Hungary: Activation studies of innovative shielding
5 mm x 5 mm x 5 mm metal samples (stainless steel, copper, aluminium)
Shielding is important in nuclear facilities to stop unwanted neutron interactions (See our Simulating Laminate Shielding Concepts article for more information). So, as part of SINE2020’s Instrumentation: E-tools work package, innovative shielding concepts and materials for neutron sources are being developed to make them lighter and more cost-effective.
Naturally, though, neutron experiments expose shielding materials to nuclear radiation and cause nuclear activation to occur. Activation is where radioactivity is induced in the shielding material itself when its atomic nuclei capture free neutrons. This radioactivity could compromise the well-being of users or the reliability of the measurement. Therefore, it is very important to assess the short- and long-term effects of radiation – such as neutron activation – on candidate shielding materials.
Eszter Dian at SINE2020 partner Hungarian Academy of Sciences, Centre for Energy Research,(MTA EK) has been contributing to this project by performing irradiation measurements on shielding materials at the Budapest Research Reactor (BRR). Activation studies have been implemented on standard and experimental concretes and typical metal components used in shielding structures.
Firstly, the elemental compositions were determined via X-Ray Fluorescent (XRF) spectroscopy measurements of three metal samples: aluminium, copper and steel and two concrete samples: a standard reference concrete and a sample of the polyethylene B4C based concrete, being developed by ESS (Invented by Carsten Cooper-Jensen) for E-tools Task 8.2. The metal samples were provided as 5 × 5 × 5 mm3 cubes and the concretes (received as grist) were ground and formed into pellets.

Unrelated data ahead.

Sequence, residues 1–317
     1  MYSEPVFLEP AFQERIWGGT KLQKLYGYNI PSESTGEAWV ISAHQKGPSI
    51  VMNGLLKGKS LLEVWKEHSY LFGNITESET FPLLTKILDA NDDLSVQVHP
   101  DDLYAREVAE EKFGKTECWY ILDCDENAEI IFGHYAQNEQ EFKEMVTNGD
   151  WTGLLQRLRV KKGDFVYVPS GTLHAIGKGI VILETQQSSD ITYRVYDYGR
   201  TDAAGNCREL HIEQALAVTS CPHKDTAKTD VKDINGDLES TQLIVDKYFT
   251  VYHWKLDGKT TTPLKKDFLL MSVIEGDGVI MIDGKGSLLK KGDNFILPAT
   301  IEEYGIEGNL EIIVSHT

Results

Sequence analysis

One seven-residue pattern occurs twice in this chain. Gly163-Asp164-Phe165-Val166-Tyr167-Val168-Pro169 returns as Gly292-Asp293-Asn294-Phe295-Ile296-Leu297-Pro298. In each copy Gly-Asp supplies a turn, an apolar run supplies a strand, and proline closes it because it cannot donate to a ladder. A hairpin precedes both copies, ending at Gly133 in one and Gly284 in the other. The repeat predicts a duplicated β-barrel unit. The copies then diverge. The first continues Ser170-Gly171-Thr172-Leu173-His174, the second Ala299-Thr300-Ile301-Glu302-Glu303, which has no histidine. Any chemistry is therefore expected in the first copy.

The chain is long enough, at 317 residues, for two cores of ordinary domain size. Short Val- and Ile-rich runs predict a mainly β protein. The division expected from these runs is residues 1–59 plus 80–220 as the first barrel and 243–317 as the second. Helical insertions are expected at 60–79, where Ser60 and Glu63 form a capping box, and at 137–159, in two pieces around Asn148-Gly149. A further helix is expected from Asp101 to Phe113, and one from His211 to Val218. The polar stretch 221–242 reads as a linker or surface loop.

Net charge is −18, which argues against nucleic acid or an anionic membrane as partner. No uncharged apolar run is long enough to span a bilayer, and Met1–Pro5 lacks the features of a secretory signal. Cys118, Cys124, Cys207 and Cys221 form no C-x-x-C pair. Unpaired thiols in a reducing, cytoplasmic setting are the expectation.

Next, Prompt Gamma Activation Analysis (PGAA) was also used to study the materials. In this technique, the samples are irradiated in a guided neutron beam and the so-called prompt gamma-rays generated by neutron capture are detected. This output provides information on the elemental and isotopic composition of the studied material, being applicable for the light elements of the bulk material.
Finally, all the samples were irradiated with neutrons in the vertical thermal and fast irradiation channels of the BRR for Neutron Activation Analysis (NAA). After 2-4 days of cooling gamma-spectroscopy measurements were performed repeatedly for two months on the activated samples, detecting the gamma-radiation accompanying the radioactive decay. These measurements provide additional information on their elemental compositions, revealing the activation properties of the studied materials and can also be used as reference data for the Monte Carlo simulations.
At present, the experimental activation data is still being analysed by Dávid Hajdú (PhD student at the MTA EK), and compared to MCNP and CINDER’90 simulations on neutron activation, performed with the nominal and measured initial compositions of the irradiated samples.
Initial results from these simulations, performed in collaboration with Esben Klinkby at the Technical University of Denmark, suggest that the new polyethylene B4C based concrete has lower activation values than the reference concrete.
The ultimate aim is to be able to define accurate elemental composition of the new concrete in order to provide detailed and realistic data for modelling activation so that shielding designers can predict, and therefore prevent unacceptable radiation doses. If reliable shielding material composition inputs are incorporated into simulation software, this would aid future instrument designs and improve the quality and safety of neutron measurements.
E. Dian, E. Klinkby, C. P. Cooper-Jensen, D. Párkányi, D. Hajdú, J. Osán, G. Patriskov, U. Filges and P. M. Bentley
Preparation for activation measurements of concrete and PE-B4C-concrete to be applied for shielding at the European Spallation Source
IOP Conf. Series: Journal of Physics: Conf. Series 1021 (2018) 012050 DOI:
Acknowledgements: Eszter Dian, MTA EK